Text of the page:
Hurricane Ian is approaching its second landfall on the South Carolina coast today, with sustained winds of 85 mph and gusts estimated at just over 100 mph, while a life threatening storm surge is forecast for parts of the seaboard.
While hurricane Ian’s impacts on the Carolinas will likely pale in comparison to the tens of billions of dollars of damage wrought in Florida, this second landfall still has the potential to exacerbate an already complex loss situation for the insurance, reinsurance and insurance-linked securities (ILS) market.
Here’s an up to date tracking and forecast path map for hurricane Ian from Tomer Burg:
Hurricane Ian has not deepened as much as had been thought possible, with dry air and wind shear hindering the storm’s ability to make a run at Category 2 before landfall.
But, with just a few hours to landfall on the South Carolina coast, hurricane Ian is unlikely to increase in intensity now.
But the storm is very large now, with hurricane force winds extending out up to 70 miles from the center and tropical storm force winds 485 miles.
The South Carolina coast is already experiencing tropical storm force winds and hurricane force gusts can be expected widely, as well as in south North Carolina on the coast as well, according to the NHC.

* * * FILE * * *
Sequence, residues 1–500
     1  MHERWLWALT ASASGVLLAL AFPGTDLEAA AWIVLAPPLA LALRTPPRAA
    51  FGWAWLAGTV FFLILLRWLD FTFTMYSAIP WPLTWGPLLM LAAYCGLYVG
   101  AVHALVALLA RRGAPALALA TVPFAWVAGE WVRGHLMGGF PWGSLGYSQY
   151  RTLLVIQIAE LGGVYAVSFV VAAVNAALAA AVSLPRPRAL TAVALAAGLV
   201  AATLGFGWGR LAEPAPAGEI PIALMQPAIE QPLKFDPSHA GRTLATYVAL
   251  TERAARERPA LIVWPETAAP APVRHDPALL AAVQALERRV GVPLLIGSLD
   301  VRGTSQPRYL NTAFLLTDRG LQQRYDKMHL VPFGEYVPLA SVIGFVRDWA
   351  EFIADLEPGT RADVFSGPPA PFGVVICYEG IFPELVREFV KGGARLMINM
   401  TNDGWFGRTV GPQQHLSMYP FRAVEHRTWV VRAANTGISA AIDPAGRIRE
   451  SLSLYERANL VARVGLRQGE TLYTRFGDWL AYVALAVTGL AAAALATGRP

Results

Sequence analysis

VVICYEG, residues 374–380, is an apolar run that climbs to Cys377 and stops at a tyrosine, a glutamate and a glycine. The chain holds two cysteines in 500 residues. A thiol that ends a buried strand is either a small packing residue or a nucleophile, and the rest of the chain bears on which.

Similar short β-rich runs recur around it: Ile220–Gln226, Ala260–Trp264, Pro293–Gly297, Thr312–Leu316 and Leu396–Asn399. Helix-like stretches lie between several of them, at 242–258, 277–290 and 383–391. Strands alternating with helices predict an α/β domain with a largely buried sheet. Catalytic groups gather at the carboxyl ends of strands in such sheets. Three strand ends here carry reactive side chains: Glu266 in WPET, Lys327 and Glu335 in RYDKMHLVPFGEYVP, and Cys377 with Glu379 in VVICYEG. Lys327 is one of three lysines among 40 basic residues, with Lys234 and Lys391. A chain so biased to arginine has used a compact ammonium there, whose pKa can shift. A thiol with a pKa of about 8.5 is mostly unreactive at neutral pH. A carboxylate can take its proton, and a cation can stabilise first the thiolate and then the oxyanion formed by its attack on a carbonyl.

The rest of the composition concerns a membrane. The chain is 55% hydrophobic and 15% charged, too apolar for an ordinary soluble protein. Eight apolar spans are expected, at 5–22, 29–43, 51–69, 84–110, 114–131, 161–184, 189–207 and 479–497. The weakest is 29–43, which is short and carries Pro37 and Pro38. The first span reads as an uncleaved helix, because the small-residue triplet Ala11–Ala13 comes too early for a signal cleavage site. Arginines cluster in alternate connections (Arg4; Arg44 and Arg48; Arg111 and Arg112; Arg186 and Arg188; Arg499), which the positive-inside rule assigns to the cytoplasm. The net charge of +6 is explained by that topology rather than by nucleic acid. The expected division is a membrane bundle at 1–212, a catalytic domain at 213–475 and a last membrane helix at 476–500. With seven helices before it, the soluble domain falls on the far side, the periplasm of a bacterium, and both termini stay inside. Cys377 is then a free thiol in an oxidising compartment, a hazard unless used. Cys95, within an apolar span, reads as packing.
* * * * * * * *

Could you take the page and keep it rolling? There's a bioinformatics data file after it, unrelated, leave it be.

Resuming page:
The storm surge forecast remains at 4 foot to 7 foot widely along the South Carolina coast, including for Charleston, raising the prospects of coastal inundation and flooding.
This second landfall from hurricane Ian is unlikely to create meaningful additional losses for the global insurance and reinsurance market, or for ILS funds.
But, it will complicate matters further, making the overall claims and loss estimation process longer and more arduous, while also greatly expanding the footprint of damage caused by hurricane Ian.
Given the extent of the losses expected from Florida, an additional loss from the Carolinas won’t be welcome and for some nationwide carriers could raise the chances of them tapping their excess-of-loss reinsurance, as both landfalls will likely count under a single event retention, we’d imagine.
Track the 2022 Atlantic tropical storm and hurricane season on our dedicated page and we’ll update you as new information emerges.